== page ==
Larry Ligocki

Larry Ligocki truly embodies what it means to be a lifelong learner. Now a business teacher and Lady Bronc head basketball coach at Sheridan High School, Ligocki’s passion for teaching is contagious. As a kid growing up in Sheridan though, he never dreamed he would become an educator.

The game of basketball helped him eventually realize he had a passion for helping young people shape their futures in a positive way. He attended Sheridan College on a basketball scholarship after graduating from Sheridan High School in 1989.  Ligocki’s years at Sheridan College planted the seeds that would eventually lead him to a career in education. He met his wife, Kim, a dental hygiene student from Wheatland, while there and played basketball for  legendary coach Bruce Hoffman.  “We had a great time at Sheridan College, and I still value the friendships I created there,” he said. “Bruce was a wonderful mentor and really taught me what it means to be a good coach and teacher.”

Ligocki graduated in 1991 with his associate degree and then transferred to the University of Wyoming to pursue his bachelor’s degree in Agriculture. He credits the affordability of Sheridan College with his ability to graduate from UW with no debt, something that made a positive impact on his life.

After he graduated from UW, Ligocki moved back to Sheridan with his wife to start the cow/calf operation that he still manages today with his father and start their family. He ranched full time for several years before deciding to pursue his Masters of Business Administration at UW to broaden his career opportunities.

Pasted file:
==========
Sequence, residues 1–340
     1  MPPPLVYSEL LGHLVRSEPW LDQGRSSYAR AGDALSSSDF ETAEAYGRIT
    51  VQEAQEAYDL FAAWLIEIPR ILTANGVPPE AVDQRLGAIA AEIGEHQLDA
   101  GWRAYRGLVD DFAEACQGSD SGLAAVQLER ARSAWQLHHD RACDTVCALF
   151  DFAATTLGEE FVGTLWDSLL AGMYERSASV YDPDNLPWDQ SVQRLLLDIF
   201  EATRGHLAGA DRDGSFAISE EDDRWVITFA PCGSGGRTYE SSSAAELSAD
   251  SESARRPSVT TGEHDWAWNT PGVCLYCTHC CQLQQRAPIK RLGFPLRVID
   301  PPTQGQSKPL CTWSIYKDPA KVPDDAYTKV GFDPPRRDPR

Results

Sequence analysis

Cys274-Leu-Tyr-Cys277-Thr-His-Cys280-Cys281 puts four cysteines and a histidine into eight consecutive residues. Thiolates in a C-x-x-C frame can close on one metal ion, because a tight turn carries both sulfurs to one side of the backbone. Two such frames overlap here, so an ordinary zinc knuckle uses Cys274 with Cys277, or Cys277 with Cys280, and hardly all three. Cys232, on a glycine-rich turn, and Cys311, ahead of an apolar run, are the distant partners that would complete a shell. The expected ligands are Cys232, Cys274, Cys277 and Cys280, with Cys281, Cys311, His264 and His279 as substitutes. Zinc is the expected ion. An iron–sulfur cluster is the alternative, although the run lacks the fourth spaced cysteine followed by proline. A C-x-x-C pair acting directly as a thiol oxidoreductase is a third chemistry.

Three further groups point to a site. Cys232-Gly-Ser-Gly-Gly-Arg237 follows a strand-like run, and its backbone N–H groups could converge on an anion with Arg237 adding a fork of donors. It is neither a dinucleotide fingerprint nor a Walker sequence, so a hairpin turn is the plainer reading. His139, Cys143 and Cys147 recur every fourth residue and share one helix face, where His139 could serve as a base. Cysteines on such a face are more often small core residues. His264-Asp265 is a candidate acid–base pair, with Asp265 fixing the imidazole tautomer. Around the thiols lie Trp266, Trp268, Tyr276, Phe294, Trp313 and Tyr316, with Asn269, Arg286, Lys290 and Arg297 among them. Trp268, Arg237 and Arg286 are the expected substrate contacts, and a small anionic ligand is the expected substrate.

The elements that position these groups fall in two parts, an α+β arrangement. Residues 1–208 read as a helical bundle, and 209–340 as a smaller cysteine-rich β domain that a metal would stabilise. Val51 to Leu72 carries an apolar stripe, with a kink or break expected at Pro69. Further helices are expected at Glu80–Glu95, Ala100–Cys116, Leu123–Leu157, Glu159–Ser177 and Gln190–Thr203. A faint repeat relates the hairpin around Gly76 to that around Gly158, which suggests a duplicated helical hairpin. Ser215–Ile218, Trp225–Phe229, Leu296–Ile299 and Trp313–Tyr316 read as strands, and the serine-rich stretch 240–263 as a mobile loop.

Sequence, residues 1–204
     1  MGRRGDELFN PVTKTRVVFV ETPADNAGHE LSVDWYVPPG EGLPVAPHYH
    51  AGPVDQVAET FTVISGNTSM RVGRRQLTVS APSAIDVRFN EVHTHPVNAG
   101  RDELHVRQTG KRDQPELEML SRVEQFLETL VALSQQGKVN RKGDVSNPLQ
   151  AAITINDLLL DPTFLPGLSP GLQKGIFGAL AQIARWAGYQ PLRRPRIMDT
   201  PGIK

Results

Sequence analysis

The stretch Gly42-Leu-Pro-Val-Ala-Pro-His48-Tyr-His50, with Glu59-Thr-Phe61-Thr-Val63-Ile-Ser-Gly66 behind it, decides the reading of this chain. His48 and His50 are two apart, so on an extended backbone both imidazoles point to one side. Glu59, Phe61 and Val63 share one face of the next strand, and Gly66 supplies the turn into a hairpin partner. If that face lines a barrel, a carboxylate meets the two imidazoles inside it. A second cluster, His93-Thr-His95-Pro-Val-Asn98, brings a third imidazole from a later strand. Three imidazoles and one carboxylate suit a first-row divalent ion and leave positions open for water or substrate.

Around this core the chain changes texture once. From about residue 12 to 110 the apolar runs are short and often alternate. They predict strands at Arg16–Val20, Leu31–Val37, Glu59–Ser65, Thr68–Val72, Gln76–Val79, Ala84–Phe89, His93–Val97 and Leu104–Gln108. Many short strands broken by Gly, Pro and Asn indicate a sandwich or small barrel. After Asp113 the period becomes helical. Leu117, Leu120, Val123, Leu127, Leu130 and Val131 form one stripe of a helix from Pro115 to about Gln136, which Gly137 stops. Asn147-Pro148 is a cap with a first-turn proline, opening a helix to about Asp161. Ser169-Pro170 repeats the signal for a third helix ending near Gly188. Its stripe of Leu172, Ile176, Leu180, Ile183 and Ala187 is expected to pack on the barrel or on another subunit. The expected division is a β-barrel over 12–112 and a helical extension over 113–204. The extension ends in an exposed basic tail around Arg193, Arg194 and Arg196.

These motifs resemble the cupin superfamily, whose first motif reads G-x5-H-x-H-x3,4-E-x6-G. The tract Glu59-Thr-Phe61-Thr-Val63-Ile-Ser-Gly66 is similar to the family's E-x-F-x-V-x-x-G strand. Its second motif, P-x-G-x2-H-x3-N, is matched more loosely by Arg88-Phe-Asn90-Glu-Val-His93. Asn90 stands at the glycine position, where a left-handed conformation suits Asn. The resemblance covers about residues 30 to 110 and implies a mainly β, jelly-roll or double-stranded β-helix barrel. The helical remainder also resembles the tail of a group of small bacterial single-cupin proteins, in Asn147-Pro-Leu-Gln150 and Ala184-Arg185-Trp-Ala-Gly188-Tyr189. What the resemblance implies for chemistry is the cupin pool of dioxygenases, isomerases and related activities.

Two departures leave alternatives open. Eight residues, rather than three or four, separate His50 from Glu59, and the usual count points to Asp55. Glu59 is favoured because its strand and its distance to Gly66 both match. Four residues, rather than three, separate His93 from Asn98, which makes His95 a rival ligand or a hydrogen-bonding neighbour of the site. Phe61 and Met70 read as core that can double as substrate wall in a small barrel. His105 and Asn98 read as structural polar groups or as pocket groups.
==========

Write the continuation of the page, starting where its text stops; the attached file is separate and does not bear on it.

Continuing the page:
While he was getting his master’s degree, his friend Nathan Mullinax, the owner of Mullinax, Inc., asked him if he would help him with his growing business. He started working there part time in addition to ranching and helping raise his young daughters Hailey, Molly, and Katie. After completing his master’s degree, he took over much of the gravel mining operation for Mullinax.

While working at Mullinax, he supervised men in their late sixties who were getting ready to retire. At the same time, he had begun coaching his young daughters’ basketball team.  “I was working with guys at Mullinax who were seniors and coaching youth at the same time. The contrast between those two really made me understand how important teaching young people long-term financial planning was, because you couldn’t make up for lost time.”

With that, he made the decision to become a teacher. Ligocki continued working at Mullinax while he got his education degree through an alternative program at Chadron State, his fourth degree. In 2011 he landed a job at Sheridan High School and has taught there ever since.

His favorite class that he teaches is a personal finance course where students learn the basics of saving, budgeting, investing, and planning for retirement. He stresses the importance of avoiding debt, especially with the decision of where to attend college.  “I tell students it’s important to look at the cost of a degree, compare that to the median salary in that field, and then see whether or not that school is a good return on your investment,” he said.

He also uses real-world experiences from managing his ranch and his time in the business world to bring lessons to life for his students. What seemed preposterous to him as a young person is now a rewarding career. Ligocki says the best thing about being a teacher is when former students tell him how his classes have helped them succeed in life.

“I had one student come back and tell me he just wrote a check for his first year at Sheridan College, and he was able to do it himself because of what he learned in my class – that’s rewarding,” he said.